Arbor Family Counseling's Employee Assistance Program (EAP) is available to assist faculty and staff in distress.
"Because our employees are our greatest asset, UNMC provides these types of resources to ensure our employees can get help if/when needed," said Aileen Warren, assistant vice chancellor for human resources.
In addition to the EAP's off-site location and the HIPAA-compliant WebEx option, UNMC and Nebraska Medicine employees also have a dedicated space for on-site appointments. The on-site space is discreet and shares a waiting room with a clinic. All services are confidential.
A counselor is available for limited on-site sessions and can be scheduled by calling 402-330-0960. Off-site and/or WebEx sessions also can be scheduled by calling 402-330-0960, 1-800-922-7379, or by going to Arbor's website.
Service is available 24/7 by phone. Employees and their dependents each are provided five free counseling sessions per issue. In addition to counseling, Arbor Family Counseling also provides work/life balance support, educational presenters, management training, webinars and crisis counseling.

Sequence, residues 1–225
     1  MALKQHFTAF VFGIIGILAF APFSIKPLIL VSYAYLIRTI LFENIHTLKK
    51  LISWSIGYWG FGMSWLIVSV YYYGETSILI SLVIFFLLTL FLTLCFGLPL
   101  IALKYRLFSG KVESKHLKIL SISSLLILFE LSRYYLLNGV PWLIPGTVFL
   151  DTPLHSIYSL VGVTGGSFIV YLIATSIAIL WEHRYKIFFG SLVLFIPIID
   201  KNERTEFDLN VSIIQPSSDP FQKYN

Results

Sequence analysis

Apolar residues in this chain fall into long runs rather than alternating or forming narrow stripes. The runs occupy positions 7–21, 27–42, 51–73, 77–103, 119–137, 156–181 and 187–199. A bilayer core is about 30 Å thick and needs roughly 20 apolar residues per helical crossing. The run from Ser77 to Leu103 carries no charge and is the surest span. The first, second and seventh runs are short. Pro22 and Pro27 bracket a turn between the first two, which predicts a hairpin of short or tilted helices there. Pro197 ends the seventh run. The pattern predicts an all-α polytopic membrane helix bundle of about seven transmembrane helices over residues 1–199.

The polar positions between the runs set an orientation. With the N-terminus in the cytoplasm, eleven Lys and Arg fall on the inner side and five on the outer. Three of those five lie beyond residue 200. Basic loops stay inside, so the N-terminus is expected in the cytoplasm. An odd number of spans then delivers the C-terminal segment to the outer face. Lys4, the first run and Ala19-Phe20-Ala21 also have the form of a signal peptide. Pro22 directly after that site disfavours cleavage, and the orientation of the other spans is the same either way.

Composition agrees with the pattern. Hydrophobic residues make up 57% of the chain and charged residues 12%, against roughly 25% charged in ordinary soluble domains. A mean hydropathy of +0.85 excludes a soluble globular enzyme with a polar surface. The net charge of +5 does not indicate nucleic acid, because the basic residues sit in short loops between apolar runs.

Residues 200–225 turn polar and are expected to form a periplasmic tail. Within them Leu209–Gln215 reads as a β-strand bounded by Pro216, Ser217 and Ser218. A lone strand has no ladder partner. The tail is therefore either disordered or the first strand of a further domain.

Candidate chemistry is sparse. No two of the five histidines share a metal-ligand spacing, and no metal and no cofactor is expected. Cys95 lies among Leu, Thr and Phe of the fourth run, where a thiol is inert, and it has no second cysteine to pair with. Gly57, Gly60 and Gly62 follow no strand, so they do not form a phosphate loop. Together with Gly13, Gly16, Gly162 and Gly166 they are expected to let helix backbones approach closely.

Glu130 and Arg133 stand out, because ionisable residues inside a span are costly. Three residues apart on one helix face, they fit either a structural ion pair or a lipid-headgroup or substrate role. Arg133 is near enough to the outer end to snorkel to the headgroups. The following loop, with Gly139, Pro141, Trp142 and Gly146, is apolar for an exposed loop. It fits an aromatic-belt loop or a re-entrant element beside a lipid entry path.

The Counseling and Student Development Center offers comprehensive counseling services available to all UNMC students and house officers.
This includes a wide range of personal/psychological therapy, academic performance enhancement, communication and behavioral consultations, and couples counseling. All of these services are highly confidential, with no electronic records. The office is located on the sixth floor of Bennett Hall. Medication referrals also are available, including a consulting psychiatrist.
Counseling services are provided free-of-charge to students, residents and fellows.
Appointments may be made by calling 402-559-7276. Hours of operation are 8 a.m. to 4:30 p.m. Late afternoon appointments (4:30-6 p.m.) also are available with advanced scheduling.
For immediate crisis assistance 24 hours a day, 7 days a week, call the Boys Town National Hotline, 800-448-3000.
Excellent information for UNMC staff and trainees. It would be even more helpful if the title did not suggest one should wait until they are overwhelmed before seeking help.